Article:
The setup of the island itself was somewhat strange however, with a high fence effectively cutting the island in half: A few years ago a dispute between the Japanese-owned 4* resort on one side of the island and the locally-backpacker hostel on the other side proved unresolvable, and as a result the fence was put up by the Japanese, complete with security guards at the entrance
of the resort and along the fences.
But I must say that I have seen much better islands, notably in Malaysia, Indonesia or the Philippines. Other tourists on the island were absolutely raving about the place, and I think if I just came here for a holiday I might react in a similar way. I find it increasingly difficult not to compare a place to somewhere else I have been - having been to much nicer places makes it really hard to appreciate a place sometimes. I must make a serious effort to take a place for what it is, and not compare it to others. Life is here and now!
I should also add that not all was well on Mana Island. Whilst the locals can't do much about the algae in the water and on the beach, the lack of fish or the poor visibility for snorkeling (six metres at best), they sure can do something about the rubbish that they seem to drop wherever they stand. They often show a complete disregard for their islands, with garbage lying around everywhere, mostly plastic, cans, glass and other packaging. Some sections of the beach were so littered
with cut glass that it was not possible to walk barefoot. You wouldn't actually notice any of this if you stayed around the hostel, but walk literally two minutes into the village or onto another beach, and rubbish is lying around pretty much all over the place. I have witnessed similar behaviour in may parts of Asia, and am just as appalled by it now as I was then.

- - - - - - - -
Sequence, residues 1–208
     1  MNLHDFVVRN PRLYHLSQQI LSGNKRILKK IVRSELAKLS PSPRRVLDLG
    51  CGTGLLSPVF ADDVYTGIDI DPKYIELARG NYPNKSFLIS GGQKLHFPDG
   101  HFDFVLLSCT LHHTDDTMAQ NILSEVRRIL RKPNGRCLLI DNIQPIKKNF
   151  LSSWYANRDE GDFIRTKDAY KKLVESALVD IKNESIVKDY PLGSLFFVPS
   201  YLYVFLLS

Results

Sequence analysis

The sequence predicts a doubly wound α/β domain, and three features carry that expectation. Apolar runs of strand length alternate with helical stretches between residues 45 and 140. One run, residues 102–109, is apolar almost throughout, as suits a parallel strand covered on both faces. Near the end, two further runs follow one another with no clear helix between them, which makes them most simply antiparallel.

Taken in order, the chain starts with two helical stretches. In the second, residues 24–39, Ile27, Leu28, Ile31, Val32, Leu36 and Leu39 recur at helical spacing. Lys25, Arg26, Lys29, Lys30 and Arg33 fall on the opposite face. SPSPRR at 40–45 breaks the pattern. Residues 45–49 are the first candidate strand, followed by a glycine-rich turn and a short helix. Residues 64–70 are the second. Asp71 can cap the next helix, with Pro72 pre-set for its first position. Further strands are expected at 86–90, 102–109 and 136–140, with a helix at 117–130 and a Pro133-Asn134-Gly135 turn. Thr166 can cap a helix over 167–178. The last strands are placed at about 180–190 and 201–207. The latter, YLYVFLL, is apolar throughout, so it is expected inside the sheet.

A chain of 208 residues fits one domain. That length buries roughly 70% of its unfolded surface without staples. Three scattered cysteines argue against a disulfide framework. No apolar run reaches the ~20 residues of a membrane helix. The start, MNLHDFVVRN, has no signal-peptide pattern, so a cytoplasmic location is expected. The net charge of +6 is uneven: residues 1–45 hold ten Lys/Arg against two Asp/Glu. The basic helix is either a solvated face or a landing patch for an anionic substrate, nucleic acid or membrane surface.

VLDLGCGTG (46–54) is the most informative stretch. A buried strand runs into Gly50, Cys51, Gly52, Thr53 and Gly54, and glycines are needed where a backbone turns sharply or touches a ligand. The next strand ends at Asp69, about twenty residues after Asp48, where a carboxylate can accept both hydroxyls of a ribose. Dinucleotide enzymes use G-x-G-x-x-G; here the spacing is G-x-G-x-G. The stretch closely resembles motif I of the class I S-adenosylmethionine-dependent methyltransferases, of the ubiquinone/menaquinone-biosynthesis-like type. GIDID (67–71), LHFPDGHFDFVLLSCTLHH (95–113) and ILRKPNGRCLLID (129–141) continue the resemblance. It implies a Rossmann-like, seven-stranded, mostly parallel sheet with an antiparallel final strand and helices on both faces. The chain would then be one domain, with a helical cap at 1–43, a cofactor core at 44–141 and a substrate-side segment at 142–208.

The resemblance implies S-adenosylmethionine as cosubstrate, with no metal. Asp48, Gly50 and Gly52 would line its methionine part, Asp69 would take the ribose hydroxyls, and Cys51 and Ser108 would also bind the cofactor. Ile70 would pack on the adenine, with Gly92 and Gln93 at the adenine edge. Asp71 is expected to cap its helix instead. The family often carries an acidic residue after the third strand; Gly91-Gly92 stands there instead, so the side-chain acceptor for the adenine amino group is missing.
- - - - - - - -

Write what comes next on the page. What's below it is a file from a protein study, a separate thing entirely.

Leaving Mana Islands however was great. I had heard somewhere that Air Pacific offers affordable flights back to Nadi on the main island of Viti Levu, and in fact the flight was a mere two Euros more than the boat. The owner of the hostel I had stayed with in Nadi on my first night before going to Mana Island had called the boat operators "the Mafia", and I can see why: Surly a 40 minute boat ride does not cost 230 Euros (23 per person) in a country where half the population lives below the poverty line? Especially when the flight costs 25 Euros? Somebody is making big money here.
Anyway, the flight was just amazing - even though it took a mere 12 (!) minutes. It must
be one of the shortest commercial flights in the world. There is no airport on Mana Island whatsoever, just a gravel runway that runs right from one side of the small island to the other. Here is how taking a flight from Mana Island to Nadi on Viti Levu works: The eight-seater turbo-prop plane touches down after a dramatic approach over the ocean, the pilot comes out, shakes my hand, makes a phone call because I am somehow not on his list (I am the only passenger), he puts my bag in the plane, tells me to get in, and then explains that I can use the safety card as a fan if it is too hot in the back (no other instructions, security checks or any of that). A minute later we are airborne, flying low, with simply fantastic views of the blue-green South Pacific Ocean below. I found it particularly amazing to see just how many tiny islands there were and how shallow the water was in many places, with coral reefs dotted here and there right in the middle of the vast ocean.
In closing, I apologise for sounding a tat negative in this blog. I
am sure Fiji is an amazing country, and I have heard from other travellers that there are nicer islands than Mana, so I guess I was just unlucky and will seek out another island soon. Of course, if you appreciate a good party then Mana is the place for you. But if you are looking for a beautiful, more quiet island, my advice is to go somewhere else.
Next stop: Viti Levu Island (Fiji).
To view my photos, have a look at pictures.beiske.com
. And to read the full account of my journey, have a look at the complete book about my trip at Amazon
(and most other online book shops).